Journal of Informetrics
Volume 10, Issue 1, February 2016, Pages 1–8
The advantage of simple paper abstracts
Adrian Letchford, , Tobias Preis, Helen Susannah Moat
Data Science Lab, Behavioural Science, Warwick Business School, University of Warwick, CV4 7AL, Coventry, UK
Received 16 June 2015, Revised 1 November 2015, Accepted 1 November 2015, Available online 13 December 2015
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• We investigate whether or not the style of a scientific paper's abstract bears any relation to the number of times that paper is cited.
• We find that papers whose abstracts contain more frequently used words tend to receive slightly more citations.
• We find that journals which publish papers whose abstracts are shorter and contain more frequently used words receive slightly more citations per paper.
Each year, researchers publish an immense number of scientific papers. While some receive many citations, others receive none. Here we investigate whether any of this variance can be explained by the choice of words in a paper's abstract. We find that doubling the word frequency of an average abstract increases citations by 0.70%. We also find that journals which publish papers whose abstracts are shorter and contain more frequently used words receive slightly more citations per paper. Specifically, adding a 5 letter word to an abstract decreases the number of citations by 0.02%. These results are consistent with the hypothesis that the style in which a paper's abstract is written bears some relation to its scientific impact.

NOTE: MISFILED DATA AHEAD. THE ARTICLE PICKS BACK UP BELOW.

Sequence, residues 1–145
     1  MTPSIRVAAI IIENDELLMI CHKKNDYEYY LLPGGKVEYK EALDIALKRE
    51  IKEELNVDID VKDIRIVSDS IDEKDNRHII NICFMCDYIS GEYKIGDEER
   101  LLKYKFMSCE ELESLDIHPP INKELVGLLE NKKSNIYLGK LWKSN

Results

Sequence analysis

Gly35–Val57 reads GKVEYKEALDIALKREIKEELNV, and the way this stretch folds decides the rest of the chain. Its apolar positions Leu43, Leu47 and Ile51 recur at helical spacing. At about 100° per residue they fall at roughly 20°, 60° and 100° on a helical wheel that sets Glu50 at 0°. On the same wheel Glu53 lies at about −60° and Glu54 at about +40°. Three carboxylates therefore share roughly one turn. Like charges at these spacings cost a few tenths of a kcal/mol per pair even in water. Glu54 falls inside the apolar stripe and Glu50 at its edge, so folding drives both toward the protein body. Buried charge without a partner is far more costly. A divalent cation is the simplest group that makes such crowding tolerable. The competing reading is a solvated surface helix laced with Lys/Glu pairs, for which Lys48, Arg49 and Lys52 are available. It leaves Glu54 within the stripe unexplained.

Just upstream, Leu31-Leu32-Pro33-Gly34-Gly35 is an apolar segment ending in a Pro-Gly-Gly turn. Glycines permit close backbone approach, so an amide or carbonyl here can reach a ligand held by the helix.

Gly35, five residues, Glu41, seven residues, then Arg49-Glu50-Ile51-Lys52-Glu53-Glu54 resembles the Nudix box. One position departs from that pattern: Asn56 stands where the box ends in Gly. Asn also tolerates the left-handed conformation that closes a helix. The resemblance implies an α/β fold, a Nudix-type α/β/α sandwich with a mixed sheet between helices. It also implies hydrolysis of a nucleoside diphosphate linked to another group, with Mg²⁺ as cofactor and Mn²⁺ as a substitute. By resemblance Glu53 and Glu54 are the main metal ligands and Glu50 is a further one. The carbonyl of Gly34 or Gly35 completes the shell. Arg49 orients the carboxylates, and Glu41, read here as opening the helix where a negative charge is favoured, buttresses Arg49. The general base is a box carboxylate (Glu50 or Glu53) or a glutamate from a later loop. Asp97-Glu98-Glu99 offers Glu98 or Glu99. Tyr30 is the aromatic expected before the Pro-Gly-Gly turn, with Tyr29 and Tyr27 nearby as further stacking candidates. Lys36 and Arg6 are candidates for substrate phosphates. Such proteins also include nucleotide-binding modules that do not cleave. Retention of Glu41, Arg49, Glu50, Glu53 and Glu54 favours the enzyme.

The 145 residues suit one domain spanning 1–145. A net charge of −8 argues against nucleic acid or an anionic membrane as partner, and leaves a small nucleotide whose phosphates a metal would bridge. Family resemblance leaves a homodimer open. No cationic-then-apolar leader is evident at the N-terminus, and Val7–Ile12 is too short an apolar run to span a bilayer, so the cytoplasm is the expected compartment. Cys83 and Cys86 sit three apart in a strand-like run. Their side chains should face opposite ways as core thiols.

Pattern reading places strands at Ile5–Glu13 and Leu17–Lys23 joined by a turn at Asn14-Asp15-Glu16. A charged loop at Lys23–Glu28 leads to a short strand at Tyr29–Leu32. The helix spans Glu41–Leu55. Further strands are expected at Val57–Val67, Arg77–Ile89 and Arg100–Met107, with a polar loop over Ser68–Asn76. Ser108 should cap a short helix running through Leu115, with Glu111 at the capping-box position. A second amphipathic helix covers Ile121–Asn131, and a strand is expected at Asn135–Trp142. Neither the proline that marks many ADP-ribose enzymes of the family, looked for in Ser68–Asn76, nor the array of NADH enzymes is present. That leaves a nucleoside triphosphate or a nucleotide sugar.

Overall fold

Keywords: Citation analysis; Scientific writing; Computational social science; Science of science
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